Want the news summarized?
Subscribe to The Morning Report.
My article today on how the County Animal Shelter decides whether to euthanize an animal mentioned a big trend from the 1990s to reduce the number of procedures. The shelter euthanized about 30,000 animals in 1999 and 6,200 last year.
Dawn Danielson, director of the Department of Animal Services, said the county created a number of programs that have helped reduce the number of euthanized animals. Here are a few:
- Spay/Neuter Program: All animals adopted for the county’s shelters are spayed or neutered prior to adoption. The shelter also provides coupons to people to help pay for the surgery, and a financial incentive to have animals get the operation before they are reclaimed by owners.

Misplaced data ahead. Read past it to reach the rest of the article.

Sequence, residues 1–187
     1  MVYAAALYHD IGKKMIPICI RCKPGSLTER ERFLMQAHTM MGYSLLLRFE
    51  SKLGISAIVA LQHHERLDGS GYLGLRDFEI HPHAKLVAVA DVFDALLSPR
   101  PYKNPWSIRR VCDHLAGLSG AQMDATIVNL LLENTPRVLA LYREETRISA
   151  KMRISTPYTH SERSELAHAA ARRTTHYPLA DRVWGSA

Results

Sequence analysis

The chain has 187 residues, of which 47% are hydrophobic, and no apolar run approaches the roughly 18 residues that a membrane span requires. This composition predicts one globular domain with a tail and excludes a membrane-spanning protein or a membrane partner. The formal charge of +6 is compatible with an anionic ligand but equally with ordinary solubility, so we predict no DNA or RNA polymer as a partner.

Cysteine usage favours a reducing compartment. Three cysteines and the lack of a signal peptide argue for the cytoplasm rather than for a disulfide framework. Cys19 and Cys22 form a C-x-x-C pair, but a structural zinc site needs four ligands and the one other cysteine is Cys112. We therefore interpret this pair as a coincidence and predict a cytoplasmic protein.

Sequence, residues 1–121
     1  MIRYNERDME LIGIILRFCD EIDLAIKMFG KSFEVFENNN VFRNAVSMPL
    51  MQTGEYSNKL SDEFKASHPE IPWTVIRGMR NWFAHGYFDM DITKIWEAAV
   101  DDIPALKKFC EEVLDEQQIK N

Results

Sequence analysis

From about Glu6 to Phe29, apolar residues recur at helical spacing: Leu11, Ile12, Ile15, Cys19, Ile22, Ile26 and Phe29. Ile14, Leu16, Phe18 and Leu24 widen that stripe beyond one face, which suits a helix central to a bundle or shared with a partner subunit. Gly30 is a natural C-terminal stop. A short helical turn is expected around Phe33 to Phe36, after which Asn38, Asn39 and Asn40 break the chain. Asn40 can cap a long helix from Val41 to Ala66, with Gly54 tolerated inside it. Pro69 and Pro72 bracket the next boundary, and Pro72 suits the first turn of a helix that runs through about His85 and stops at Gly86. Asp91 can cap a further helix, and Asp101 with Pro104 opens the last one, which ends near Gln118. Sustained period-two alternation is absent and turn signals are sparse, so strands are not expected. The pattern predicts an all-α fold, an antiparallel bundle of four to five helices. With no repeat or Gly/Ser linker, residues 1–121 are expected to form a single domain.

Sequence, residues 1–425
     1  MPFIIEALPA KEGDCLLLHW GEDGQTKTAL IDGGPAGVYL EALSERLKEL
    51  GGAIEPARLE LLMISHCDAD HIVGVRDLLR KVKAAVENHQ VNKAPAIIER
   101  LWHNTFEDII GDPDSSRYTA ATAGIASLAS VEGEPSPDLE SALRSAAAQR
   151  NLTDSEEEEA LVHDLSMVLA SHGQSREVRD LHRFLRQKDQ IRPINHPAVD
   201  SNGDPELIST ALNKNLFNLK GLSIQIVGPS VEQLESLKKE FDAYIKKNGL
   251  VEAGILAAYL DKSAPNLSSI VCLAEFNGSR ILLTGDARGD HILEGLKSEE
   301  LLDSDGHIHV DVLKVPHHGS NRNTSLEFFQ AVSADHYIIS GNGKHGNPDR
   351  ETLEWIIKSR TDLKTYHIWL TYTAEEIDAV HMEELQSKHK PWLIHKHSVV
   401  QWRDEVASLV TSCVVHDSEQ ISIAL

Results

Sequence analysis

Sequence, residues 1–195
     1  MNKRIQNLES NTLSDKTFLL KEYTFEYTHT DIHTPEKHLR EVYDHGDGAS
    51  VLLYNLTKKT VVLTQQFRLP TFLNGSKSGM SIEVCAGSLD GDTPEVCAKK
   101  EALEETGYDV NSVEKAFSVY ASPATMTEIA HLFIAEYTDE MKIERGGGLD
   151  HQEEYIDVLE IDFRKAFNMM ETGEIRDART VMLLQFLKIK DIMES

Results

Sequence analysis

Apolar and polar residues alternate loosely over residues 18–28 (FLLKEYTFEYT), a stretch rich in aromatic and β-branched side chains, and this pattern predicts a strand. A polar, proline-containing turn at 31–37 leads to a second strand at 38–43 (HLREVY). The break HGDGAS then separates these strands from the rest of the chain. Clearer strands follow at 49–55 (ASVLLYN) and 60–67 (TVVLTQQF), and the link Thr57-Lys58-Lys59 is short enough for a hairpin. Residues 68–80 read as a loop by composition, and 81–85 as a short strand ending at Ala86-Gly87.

- Increased work with rescue groups: The shelter works with more than 114 adoption partners to help place animals with owners who can manage any problems. The partners do not pay for the animals. About 47 percent of animals that leave the shelter are taken by these rescue groups.
- Adoption incentives: If people adopt a dog or cat that is five years or older, the animal is half price. Seniors get them with no adoption fee. People can also adopt one kitten and get the second free.
- Microchips and technology: The shelter’s website is updated automatically with an animal’s basic information and a picture. Owners are notified by phone and by mail. All animals are scanned for identifying microchips initially, and then multiple times later. Microchips cost $20 but all cats may receive microchips in October for free.